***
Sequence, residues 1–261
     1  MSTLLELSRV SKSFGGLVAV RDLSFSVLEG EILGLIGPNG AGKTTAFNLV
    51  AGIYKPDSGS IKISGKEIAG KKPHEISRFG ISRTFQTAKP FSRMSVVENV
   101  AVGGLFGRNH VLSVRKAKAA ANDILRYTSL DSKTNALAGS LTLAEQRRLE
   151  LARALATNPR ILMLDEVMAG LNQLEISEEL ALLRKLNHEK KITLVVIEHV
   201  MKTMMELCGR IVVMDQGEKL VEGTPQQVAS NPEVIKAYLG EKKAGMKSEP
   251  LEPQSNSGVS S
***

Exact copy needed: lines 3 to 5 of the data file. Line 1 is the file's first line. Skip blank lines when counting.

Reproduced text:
    51  AGIYKPDSGS IKISGKEIAG KKPHEISRFG ISRTFQTAKP FSRMSVVENV
   101  AVGGLFGRNH VLSVRKAKAA ANDILRYTSL DSKTNALAGS LTLAEQRRLE
   151  LARALATNPR ILMLDEVMAG LNQLEISEEL ALLRKLNHEK KITLVVIEHV